Squeeze on living standards 'worse than after financial crisis'

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Image caption The Resolution Foundation says the decade from 2010 to 2020 is set to be the weakest one for wage growth since the 1900s

The size of the challenge facing a chancellor who has pledged an economy "that works for everyone" is becoming increasingly clear.

And it is not just down to Brexit.

After an Autumn Statement which abandoned pledges to hit a government budget surplus by 2020, new analysis claims the squeeze on living standards could be worse during this Parliament than between 2010 and 2015.

The report by the Resolution Foundation says lower earnings and higher inflation could mean incomes growing less than half as fast between 2015 and 2020 compared to the years following the financial crisis and the recession that followed.

It also says that the "jobs miracle" which saw unemployment fall below 5% "would not be repeated".

The figures reveal the difficult position the government could find itself in by the next election after its pledge to support those who feel themselves to be "just about managing".

The Resolution Foundation study said the freeze on benefits and rising inflation could mean the bottom third of earners seeing their incomes fall.

The findings of the study are echoed in the Treasury's own "distributional analysis" which looks at the impact of tax, welfare and public spending pledges contained in the Autumn Statement.

Those charts say that the bottom 30% of earners are likely to be worse off.

Only the top 10% of earners will see as significant a hit, with middle income families slightly better off by 2020.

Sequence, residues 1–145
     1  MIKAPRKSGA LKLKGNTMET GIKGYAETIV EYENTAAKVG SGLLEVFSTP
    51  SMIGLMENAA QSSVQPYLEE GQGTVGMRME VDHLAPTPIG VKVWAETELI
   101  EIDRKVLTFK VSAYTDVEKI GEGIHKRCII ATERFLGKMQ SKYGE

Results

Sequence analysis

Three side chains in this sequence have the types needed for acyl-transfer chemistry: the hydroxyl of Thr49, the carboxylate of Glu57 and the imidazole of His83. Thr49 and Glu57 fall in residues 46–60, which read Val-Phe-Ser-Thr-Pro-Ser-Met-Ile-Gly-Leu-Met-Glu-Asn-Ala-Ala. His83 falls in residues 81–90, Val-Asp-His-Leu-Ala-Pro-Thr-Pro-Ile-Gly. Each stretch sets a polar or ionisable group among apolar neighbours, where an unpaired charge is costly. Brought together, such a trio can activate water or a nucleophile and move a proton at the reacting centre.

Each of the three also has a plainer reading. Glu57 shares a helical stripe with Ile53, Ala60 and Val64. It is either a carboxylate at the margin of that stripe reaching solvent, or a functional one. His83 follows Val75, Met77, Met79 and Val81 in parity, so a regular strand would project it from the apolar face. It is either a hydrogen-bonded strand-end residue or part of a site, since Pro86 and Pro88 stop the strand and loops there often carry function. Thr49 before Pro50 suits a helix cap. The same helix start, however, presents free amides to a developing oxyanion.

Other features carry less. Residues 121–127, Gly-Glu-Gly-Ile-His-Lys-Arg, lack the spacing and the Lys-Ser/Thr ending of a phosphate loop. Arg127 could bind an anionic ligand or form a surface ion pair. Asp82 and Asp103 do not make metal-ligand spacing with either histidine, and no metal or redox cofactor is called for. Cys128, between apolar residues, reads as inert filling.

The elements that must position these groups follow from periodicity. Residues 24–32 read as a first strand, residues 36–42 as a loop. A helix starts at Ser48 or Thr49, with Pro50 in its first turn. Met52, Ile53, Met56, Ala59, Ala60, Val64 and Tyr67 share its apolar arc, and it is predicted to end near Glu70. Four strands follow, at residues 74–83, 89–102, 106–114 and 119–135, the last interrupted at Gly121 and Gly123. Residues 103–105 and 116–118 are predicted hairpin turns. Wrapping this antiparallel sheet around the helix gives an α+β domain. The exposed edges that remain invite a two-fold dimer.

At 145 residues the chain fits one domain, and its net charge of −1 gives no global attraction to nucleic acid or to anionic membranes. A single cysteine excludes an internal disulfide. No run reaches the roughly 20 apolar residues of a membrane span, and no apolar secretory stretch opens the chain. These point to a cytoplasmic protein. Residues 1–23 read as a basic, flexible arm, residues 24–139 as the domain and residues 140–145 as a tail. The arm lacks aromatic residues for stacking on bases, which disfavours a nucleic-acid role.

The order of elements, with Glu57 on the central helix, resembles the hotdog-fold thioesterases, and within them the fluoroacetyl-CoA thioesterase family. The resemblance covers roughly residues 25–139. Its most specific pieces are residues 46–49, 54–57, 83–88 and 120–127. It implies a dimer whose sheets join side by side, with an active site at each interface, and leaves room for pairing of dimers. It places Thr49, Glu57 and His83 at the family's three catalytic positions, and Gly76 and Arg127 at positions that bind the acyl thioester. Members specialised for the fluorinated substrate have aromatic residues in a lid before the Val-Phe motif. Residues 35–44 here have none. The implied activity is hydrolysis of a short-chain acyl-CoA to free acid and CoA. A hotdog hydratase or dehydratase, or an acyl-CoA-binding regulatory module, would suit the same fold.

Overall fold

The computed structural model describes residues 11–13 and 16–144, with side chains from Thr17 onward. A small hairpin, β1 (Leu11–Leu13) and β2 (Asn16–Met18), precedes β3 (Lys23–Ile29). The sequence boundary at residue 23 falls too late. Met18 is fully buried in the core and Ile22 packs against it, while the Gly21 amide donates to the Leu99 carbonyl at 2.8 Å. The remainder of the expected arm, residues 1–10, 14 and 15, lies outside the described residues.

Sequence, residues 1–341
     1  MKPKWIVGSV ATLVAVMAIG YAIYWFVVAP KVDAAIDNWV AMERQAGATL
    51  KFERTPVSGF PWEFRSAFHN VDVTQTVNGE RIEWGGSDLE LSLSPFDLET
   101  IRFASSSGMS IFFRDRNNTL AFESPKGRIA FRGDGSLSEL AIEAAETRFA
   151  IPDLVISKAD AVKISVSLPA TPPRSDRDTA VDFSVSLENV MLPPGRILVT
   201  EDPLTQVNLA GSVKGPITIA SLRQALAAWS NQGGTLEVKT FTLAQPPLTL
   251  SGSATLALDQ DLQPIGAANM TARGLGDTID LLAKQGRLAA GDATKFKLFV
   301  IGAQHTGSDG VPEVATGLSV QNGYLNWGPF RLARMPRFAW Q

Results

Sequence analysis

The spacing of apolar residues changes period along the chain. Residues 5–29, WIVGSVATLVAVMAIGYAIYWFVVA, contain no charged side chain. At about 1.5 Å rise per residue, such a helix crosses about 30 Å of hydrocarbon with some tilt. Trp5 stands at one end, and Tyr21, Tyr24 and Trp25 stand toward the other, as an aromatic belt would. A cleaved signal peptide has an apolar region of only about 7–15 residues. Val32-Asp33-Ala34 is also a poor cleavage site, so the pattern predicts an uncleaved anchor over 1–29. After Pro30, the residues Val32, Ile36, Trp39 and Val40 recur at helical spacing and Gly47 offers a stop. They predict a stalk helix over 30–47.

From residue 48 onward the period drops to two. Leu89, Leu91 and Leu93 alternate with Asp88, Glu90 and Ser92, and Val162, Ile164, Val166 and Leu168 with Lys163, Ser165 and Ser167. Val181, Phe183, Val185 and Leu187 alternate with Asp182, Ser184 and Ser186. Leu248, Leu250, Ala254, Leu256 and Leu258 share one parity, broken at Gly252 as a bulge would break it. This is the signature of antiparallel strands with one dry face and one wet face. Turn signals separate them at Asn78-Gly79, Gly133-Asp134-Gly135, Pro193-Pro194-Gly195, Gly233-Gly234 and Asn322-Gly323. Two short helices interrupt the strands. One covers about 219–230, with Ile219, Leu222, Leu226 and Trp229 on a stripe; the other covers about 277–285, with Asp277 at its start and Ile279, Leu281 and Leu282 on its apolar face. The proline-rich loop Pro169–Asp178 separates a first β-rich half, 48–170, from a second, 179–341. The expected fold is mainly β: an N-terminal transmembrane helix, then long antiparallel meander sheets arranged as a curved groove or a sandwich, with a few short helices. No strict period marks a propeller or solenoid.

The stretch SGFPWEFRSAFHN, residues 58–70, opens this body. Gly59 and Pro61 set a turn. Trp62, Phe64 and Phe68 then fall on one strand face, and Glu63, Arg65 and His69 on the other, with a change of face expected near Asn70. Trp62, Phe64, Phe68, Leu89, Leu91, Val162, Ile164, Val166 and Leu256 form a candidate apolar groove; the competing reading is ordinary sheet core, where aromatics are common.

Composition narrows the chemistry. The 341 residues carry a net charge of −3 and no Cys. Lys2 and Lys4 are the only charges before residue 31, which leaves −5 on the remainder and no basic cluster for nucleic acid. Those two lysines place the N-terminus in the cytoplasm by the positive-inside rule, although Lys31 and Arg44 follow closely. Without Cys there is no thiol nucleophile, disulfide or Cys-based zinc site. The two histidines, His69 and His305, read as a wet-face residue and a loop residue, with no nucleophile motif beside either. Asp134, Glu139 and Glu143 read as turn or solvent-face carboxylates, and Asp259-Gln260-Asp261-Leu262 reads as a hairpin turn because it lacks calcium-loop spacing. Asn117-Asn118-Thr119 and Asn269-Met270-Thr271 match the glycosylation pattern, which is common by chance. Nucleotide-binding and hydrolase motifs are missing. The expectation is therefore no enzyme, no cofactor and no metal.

The Resolution Foundation report, to be released later this morning and seen by the BBC, says: "The weak outlook for real average earnings, which the OBR [the Office for Budget Responsibility] forecasts to be £830 lower in 2020 than previously expected, means that the decade from 2010 to 2020 is set to be the weakest one for wage growth since the 1900s.

"Real weekly earnings are forecast to grow by just 1.6% over the decade, compared to 12.7% in the 2000s and over 20% in every other decade since the 1920s."

Sources close to Mr Hammond have told me the chancellor is well aware of the difficult economic situation he faces and say that is why he has made increases in UK productivity his priority.

If through investment in skills and infrastructure he can create the conditions to allow the economy to perform better, then the OBR's forecasts may prove too gloomy.

Interestingly, the chancellor relaxed the government's spending rules not to reverse the benefits freeze or cut taxes, but to invest in infrastructure (such as new roads) and "innovation", in short research and development skills.

Economic models suggest there is a direct relationship between infrastructure spending, skills investment and better economic growth and therefore wage increases.

Weak productivity growth was a major problem for the UK economy well before the vote to leave the European Union.

But, although the government announced increased spending yesterday, if private sector investment falls due to the uncertainty following the Brexit decision, then that could more than wipe out all of the fresh money being offered by the government.

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